Halfway house

Lindsay Runyen, 23, a bartender and waitress who dreams of teaching history,  describes Winnie's LeBus, a Manayunk bar and eatery, as a halfway house for people like her -- 20 somethings who are under-employed.

There's an academic name for her situation: Paul Harrington, director of Drexel University's Center for Labor Markets and Policy, calls it mal-employment. You can read more about mal-employment in "Struggling for Work," our series about the millennial generation and their less-than-promising future. 

When I interviewed Lindsay a month or so ago, she described her co-workers:

There was Bernadette, a speech pathologist who doesn't have a job and Josh, "a great guy" who went to community college for music and would like to figure out how to get in a union so he could make more money and have a stable job.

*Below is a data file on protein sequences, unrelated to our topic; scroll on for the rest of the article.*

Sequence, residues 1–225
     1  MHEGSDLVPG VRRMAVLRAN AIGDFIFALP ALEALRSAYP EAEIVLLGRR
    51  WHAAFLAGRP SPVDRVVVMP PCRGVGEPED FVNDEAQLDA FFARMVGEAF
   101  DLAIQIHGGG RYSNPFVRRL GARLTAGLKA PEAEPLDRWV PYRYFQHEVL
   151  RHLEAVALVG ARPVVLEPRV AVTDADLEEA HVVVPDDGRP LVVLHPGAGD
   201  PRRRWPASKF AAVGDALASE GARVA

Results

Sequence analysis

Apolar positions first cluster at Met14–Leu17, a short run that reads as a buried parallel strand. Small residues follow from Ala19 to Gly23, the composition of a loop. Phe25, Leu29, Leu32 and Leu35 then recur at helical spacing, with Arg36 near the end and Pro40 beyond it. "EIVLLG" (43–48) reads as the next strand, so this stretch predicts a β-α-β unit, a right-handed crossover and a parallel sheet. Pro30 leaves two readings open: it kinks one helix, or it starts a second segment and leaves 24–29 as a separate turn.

She talked about Tim, "a bartender, very intelligent, who works every crossword puzzle he encounters. He's halfway through college -- majored in chemistry. He could excel in everything, but he doesn't know what to do." There was Katie, a Catholic school teacher, who was worried about whether she'd keep her job if parochial schools closed, and Elaine, a teacher with a master's degree, who moved from Pittsburgh, but could only land sub jobs here.

Another off and on co-worker, Rob, she said, pokes fun at his college grad co-workers. A high school dropout, he doesn't have a GED. "He kids around," she said. "He says, `Look at us. You have a college degree, yet we're all in the same line of work."

Exactly. Lindsay has some interesting mixed emotions about her situation. But that's tomorrow's blog.